$12,000 in a failed attempt to repair the vehicle. This strategy was communicated throughout the action by Defendant in processing Plaintiffs’ claims. If the plan was to save $12,500 in this one case, how much was planned to be saved by Defendant on thousands of claims each year where it is economically the best business practice to repair rather than replace damaged vehicles? This violates the insurance regulations of the Motor Vehicle Physical Damage Appraiser Act, inter alia, requiring all damage be appraised on an individual claim basis, not governed by a specific policy or directive.

  6. The standard under which punitive damages are measured in Pennsylvania requires an analysis of the following factors:

    1. The character of the act;

    2. The nature and extent of the harm; and

    3. The wealth of the defendant.

  7. These standards mirror the following three important guideposts identified by the United States Supreme Court:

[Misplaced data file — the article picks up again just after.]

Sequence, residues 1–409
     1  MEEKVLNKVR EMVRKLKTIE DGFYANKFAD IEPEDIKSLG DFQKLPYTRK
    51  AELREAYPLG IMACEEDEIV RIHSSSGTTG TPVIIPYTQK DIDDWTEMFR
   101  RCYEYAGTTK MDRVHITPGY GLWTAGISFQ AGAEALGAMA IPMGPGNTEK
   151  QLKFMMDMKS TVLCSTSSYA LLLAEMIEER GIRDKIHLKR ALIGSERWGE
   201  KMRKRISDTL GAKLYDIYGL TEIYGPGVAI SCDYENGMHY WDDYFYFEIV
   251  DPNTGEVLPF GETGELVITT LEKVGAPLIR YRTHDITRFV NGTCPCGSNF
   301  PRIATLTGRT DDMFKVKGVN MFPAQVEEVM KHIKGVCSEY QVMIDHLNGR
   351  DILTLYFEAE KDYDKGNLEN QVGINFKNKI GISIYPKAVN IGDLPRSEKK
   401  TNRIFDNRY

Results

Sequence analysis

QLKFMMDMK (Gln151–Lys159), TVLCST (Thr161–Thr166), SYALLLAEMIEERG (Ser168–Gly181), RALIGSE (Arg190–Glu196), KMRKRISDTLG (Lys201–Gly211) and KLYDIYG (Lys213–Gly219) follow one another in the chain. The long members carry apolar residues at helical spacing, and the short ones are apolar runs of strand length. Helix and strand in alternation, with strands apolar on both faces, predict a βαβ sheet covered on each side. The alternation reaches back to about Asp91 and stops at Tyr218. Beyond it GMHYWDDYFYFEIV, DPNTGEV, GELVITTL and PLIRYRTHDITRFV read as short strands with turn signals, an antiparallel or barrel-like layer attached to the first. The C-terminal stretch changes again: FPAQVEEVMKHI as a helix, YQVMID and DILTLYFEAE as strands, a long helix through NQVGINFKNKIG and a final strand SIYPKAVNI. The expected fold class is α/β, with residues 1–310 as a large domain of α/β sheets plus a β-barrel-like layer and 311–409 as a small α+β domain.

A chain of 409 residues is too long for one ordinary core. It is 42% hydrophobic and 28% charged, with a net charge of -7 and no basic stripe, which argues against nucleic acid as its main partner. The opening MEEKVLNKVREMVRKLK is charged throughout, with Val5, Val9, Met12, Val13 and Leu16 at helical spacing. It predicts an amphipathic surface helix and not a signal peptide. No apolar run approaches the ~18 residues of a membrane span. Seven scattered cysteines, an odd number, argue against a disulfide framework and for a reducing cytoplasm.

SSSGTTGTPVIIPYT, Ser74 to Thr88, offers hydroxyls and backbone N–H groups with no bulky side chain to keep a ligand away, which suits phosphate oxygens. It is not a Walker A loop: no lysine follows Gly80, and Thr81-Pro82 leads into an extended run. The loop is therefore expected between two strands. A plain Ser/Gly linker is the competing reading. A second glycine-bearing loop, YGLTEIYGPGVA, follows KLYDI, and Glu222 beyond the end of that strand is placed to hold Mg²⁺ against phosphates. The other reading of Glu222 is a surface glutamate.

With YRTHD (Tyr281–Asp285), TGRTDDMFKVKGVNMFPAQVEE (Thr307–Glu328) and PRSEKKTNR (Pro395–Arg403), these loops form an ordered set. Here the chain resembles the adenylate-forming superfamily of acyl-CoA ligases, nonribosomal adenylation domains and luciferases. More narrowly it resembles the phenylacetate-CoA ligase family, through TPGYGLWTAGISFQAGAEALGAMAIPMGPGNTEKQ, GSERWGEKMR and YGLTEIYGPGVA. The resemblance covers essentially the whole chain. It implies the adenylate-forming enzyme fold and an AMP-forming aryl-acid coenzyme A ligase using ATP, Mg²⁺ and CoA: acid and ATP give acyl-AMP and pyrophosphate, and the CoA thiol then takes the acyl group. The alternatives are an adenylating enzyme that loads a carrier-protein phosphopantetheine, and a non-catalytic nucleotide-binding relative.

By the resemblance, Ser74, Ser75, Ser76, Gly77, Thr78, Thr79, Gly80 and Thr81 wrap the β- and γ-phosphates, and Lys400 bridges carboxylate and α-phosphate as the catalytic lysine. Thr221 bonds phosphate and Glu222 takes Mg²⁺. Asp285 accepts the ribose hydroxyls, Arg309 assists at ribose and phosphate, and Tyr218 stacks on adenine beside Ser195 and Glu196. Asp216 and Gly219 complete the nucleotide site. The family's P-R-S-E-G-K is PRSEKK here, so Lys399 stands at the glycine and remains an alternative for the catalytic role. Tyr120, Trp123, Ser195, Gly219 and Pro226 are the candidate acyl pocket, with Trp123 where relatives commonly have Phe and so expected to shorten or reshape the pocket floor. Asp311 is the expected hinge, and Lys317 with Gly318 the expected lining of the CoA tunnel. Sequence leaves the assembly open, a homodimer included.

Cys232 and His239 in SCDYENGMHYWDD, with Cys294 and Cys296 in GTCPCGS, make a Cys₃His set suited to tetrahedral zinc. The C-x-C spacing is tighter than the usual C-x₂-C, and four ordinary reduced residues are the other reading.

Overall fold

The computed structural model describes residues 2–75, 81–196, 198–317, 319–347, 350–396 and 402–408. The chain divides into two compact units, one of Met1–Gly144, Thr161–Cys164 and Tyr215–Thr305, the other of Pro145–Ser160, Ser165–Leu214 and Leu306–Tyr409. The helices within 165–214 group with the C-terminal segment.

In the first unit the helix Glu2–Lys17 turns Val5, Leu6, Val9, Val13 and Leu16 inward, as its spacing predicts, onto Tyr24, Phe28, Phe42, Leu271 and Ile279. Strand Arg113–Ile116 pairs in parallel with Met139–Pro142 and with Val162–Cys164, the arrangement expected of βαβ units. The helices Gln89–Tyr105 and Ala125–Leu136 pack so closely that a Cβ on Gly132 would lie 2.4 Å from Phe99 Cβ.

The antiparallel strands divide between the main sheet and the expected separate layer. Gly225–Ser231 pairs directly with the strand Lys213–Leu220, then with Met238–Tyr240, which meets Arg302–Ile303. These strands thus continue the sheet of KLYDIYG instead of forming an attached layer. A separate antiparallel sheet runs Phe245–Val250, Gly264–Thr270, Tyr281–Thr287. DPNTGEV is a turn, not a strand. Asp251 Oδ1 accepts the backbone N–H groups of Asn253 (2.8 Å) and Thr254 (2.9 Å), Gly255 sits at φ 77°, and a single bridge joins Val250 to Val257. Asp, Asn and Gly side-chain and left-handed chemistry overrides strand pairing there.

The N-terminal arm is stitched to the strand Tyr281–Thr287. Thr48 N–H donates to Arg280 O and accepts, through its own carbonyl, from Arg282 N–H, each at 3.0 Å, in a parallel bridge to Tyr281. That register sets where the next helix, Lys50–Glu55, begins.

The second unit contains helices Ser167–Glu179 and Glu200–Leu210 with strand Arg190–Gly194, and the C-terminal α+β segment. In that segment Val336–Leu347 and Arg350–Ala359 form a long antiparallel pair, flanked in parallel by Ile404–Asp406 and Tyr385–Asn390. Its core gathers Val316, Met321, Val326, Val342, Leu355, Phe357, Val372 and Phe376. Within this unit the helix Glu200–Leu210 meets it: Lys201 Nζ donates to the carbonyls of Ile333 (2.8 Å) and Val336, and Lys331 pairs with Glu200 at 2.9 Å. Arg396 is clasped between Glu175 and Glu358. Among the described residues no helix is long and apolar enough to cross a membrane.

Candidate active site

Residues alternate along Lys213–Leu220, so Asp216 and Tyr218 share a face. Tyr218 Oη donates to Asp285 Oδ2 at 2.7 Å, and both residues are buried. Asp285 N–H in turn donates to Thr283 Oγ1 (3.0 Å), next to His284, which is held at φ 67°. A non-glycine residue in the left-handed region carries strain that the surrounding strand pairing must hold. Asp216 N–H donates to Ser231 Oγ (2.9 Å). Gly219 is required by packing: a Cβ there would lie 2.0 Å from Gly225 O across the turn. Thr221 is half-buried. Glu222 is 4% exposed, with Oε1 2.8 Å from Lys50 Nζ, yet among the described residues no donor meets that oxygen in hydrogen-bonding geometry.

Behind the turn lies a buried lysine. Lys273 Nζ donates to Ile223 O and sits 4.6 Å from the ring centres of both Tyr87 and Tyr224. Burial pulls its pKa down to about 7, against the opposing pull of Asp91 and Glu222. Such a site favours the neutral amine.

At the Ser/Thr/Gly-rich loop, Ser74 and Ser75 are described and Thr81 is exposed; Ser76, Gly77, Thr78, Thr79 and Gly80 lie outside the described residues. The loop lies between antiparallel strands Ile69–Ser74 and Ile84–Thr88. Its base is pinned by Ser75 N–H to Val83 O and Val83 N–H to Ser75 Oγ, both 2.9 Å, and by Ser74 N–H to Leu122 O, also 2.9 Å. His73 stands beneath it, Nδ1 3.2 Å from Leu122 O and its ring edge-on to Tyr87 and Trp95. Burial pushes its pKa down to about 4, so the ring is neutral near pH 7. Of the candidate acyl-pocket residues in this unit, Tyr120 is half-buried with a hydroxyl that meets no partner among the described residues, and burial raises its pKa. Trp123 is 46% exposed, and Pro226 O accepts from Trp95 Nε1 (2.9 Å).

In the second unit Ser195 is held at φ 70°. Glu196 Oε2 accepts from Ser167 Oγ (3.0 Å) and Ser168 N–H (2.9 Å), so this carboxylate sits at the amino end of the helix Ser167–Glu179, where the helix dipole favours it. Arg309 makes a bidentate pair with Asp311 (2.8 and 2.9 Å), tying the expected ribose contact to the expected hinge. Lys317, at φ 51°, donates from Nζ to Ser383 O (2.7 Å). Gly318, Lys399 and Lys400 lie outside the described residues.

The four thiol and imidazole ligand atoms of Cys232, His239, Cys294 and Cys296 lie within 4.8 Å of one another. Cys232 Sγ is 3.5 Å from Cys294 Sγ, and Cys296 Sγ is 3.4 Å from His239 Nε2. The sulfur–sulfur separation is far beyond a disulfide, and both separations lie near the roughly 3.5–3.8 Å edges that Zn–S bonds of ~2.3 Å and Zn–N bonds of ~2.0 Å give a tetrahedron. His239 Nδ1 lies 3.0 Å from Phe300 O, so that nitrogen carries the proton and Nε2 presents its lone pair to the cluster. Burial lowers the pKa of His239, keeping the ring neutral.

1. The degree of reprehensibility of the defendant’s conduct;

    2. The disparity between the actual or potential harm suffered by the plaintiff and the punitive damages award; and

    3. The difference between the punitive damages awarded by the jury and the civil penalties authorized or imposed in comparable cases.

  8. This court finds a high degree of reprehensibility. It is evident that Defendant knew that the vehicle was returned to Plaintiffs with hidden structural repair failures or in the alternative, Defendant did not care if the frame and all other repairs it required were done properly, by Lindgren’s body shop. Both scenarios equate to acts of omission or commission in bad faith against the Plaintiffs.

  9. This court finds that returning the Jeep to the Plaintiffs with a damaged frame was a safety risk of injury or death to its policyholders in the event of a collision. Shockingly, that very request that the Plaintiffs made of Defendant was never granted to Plaintiffs to benefit them. Ironically, it was finally granted by Defendant only to protect itself from future financial exposure, not to fully compensate Plaintiffs. Instead of replacing Plaintiffs’ Jeep in the first place, which would have eliminated this matter from ever being litigated, Defendant replaced the damaged Jeep only after all lease payments were made by Plaintiffs to the bank.